One of the best things about being a staff writer for the Fairfield County Catholic, both in print and online, is that I go to many events that I otherwise may not attend. On Sunday afternoon, January 25, I went to an ecumenical prayer service at Bridgeport’s St. John’s Episcopal Church, sponsored by the Council of Churches of Greater Bridgeport.
When I arrived at the 4:00 pm service, the church’s small parking lot was already filled, so I circled the block and carved a parking space out of ice and snow on a nearby street. I entered the church just as the procession was beginning.
Bishop Caggiano was the only Catholic cleric among 11 other Christian clergy representatives for the event. When he made his way forward and into the sanctuary, I was a bit concerned because he was assigned a seat in the far, rear corner of the sanctuary and was barely visible to the 200 or so participants and congregants in the body of the church. An usher handed me a lengthy program, and when I sat down, I was happy to discover that Bishop Caggiano was listed as the homilist. Although his assigned seat was not very prominent, he would have time front and center at the podium for a reflection on the Word of God.
If I was not asked to cover the event and to take photos, it is likely that I would not have been there. After being Bishop of Bridgeport for nearly one and a half years, Bishop Caggiano is likely still discovering the strengths and weaknesses of our diocese. The light Catholic participation at a prayer service in honor of the annual “Week of Prayer for Christian Unity” may have come as a surprise to him. Then again, he may already be well-aware that, for a variety of reasons, ecumenical efforts are a low priority for most Catholic clergy and lay people in the diocese.
In defense of the Catholic clergy, most parishes offer many more services on a weekly basis than the average non-Catholic Christian church. By the time Sunday afternoon rolls around, most Catholic clergy are fairly worn out, and the idea of attending another, “non-essential” prayer service is likely not very appealing to most. Bishop Caggiano brought energy and vibrancy to his opportunity at the ambo, and received many hearty “Amens!” and a nice round of applause at the conclusion of his homily. He began his turn as preacher with humor but then settled into a serious, even somber tone, about relations between the various Christian churches. “We come here today divided as brothers and sisters,” he said, adding that “the division that exists among us is a scandal to the larger world.” He emphasized, however, that Christians share a common baptism, and expressed hope that one day, all Christians will worship in one Church, professing one faith. “Jesus Christ is the Lord of us all,” he said. “We must fix our eyes on Jesus Christ.”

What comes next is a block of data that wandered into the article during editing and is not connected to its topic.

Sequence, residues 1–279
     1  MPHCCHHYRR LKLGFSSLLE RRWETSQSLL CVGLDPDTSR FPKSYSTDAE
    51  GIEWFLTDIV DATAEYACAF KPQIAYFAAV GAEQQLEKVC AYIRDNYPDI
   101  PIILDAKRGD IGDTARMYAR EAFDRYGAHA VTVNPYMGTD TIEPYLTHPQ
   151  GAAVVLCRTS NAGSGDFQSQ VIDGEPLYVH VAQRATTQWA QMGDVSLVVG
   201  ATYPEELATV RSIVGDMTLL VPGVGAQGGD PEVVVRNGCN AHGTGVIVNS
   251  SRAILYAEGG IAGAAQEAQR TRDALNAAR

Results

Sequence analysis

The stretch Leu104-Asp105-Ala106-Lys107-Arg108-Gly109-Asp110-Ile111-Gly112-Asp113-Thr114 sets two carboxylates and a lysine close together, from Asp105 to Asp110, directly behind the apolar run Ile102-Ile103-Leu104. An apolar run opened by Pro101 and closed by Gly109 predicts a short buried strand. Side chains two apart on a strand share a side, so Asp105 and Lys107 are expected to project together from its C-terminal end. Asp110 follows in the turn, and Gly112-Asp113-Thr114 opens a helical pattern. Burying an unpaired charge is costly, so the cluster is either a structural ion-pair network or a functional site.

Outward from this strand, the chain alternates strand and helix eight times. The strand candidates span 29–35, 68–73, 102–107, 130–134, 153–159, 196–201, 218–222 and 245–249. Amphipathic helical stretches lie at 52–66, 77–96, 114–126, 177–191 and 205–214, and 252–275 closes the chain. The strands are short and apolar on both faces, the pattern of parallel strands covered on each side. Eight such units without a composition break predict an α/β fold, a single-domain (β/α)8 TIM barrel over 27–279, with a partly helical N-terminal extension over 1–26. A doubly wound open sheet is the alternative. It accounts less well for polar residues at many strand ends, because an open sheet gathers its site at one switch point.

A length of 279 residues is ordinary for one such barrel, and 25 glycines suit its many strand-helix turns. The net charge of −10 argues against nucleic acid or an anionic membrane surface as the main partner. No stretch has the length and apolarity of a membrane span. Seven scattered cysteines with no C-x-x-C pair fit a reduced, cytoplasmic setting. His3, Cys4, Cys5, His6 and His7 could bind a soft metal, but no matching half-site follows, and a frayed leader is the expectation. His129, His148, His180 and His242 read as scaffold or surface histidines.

Single-handedly, Bishop Caggiano fittingly represented the diocese at the prayer service marking the conclusion in our area for this year’s Week of Prayer for Christian Unity. Following the lead of our bishop, perhaps Catholic clergy and laypeople can engage ecumenism with renewed energy. The Week of Prayer for Christian Unity is an annual event, occurring around the third week of January each year.
This will be the first blog that I have written that has multiple parts. The ecumenical prayer service was nearly two-hours long, which is a little longer than I expected, but as a Catholic priest, I learned a lot about how other Christians worship and praise God, and in one or two more blog posts on the subject I would like to share some of the insights that I gleaned from the prayer service that can definitely be instructive for us as Catholics going forward.